School choice could save the state of Vermont $80 million to $300 million per year, according to a study conducted by the Ethan Allen Institute, a public policy research and education group based in Concord.
The report, released December 1, was compiled by the institute’s Commission on Rebalancing Education Cost and Value to find out how Vermonters can achieve comparable or better education for children while flattening the spending curve.
The commission, which spent six months researching the issue, consists of 15 former superintendents, principals, school board members, state Senate education committee members, and doctors of education and is chaired by Chris Robbins, a former member of the Vermont Board of Education.
In his foreword, Robbins writes, “The fundamental premise of this report is that a policy of creating an ever-enlarging ‘system,’ directed from the top down, populated with thousands of teachers, administrators, and bureaucrats, controlling the annual expenditure of [1.45 billion taxpayer dollars], jealously protective of the benefits enjoyed by the people employed in the ‘system,’ and dismissive of the abilities and preferences of parents and children, is a policy headed off in a totally wrong direction.”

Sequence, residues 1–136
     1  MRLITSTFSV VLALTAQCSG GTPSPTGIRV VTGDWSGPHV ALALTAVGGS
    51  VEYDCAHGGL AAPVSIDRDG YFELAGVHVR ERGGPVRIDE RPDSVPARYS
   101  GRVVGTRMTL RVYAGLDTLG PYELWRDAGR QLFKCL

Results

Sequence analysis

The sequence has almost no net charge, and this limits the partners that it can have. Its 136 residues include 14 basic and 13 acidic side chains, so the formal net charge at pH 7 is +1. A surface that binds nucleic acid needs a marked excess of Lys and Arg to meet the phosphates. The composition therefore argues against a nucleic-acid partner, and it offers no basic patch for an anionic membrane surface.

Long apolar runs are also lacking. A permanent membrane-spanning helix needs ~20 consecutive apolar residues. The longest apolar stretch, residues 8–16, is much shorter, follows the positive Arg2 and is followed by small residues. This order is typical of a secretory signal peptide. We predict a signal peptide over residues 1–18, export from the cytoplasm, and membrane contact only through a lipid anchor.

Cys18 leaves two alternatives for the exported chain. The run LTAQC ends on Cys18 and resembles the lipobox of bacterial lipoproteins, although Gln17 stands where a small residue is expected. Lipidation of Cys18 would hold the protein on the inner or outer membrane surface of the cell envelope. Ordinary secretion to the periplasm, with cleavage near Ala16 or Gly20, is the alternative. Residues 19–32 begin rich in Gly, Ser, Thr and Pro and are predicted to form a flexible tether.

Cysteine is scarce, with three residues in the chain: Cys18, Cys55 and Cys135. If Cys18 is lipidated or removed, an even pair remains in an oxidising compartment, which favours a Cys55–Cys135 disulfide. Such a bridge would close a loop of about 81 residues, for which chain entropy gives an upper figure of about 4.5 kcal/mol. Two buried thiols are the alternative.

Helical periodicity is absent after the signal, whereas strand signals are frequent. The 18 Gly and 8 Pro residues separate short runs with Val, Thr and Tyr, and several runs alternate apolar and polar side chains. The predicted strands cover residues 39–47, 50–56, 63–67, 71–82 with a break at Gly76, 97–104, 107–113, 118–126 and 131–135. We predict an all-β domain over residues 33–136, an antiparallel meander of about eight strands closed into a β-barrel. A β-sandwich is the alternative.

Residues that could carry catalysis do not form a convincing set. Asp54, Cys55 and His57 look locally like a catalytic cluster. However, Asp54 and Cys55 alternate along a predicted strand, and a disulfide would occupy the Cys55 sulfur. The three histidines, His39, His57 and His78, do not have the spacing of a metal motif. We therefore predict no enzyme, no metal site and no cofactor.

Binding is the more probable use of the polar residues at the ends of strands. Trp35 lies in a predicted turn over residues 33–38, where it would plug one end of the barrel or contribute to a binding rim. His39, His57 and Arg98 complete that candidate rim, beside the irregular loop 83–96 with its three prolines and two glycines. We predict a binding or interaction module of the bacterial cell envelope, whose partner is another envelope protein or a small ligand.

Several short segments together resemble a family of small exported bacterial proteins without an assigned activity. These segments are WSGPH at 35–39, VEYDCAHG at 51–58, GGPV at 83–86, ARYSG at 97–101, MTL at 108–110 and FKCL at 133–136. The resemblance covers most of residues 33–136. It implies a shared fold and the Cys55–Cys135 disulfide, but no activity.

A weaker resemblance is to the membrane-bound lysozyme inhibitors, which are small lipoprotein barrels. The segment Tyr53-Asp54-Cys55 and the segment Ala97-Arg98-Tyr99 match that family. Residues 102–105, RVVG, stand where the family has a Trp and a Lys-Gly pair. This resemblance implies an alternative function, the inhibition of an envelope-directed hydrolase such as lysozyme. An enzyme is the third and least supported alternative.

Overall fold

Huge Budget Deficits
“It’s an important time for the report,” said John McClaughry, founder and vice president of the Ethan Allen Institute and a former state senator. “This is the first report in my 40 years in Vermont politics that says we can save taxpayers dollars by going to a competition and choice model. And we are facing $470 million in deficits 2011-2014.” The report makes several recommendations, including giving tuition certificates to students instead of payments to schools. It advocates creating charter schools and virtual schools, and supports tax credit scholarship programs and allowing voters to create their own education models in “freedom districts.”
At press time, state legislators had yet to respond to the report as the legislature was not in session. McClaughry said the commission would present it to them by the end of January.
“They all have the report,” he says, “but I haven’t seen any of them interviewed as of yet.”
An opinion piece McClaughry wrote has run in seven of the state’s nine daily papers, and attracted some negative attention along the way.
“The left-wing Rutland Herald ran an editorial calling us racists because our Ph.D. economist compared Vermont test scores with U.S. white test scores—we have 2.5 percent nonwhite students [in Vermont],” he explained.
The report is a good first step toward educating legislators about the value of school choice, but it will take a long time to change policy, McClaughry says. “It’s a long haul here—there is no market education advocacy group,” he said. “We don’t have downtrodden inner-city people to make good photo ops. My hope is that the prospect of saving taxpayers money will open policymakers’ eyes to new possibilities.”
Sarah McIntosh ([email protected]) teaches constitutional law and American politics at Wichita State University in Kansas.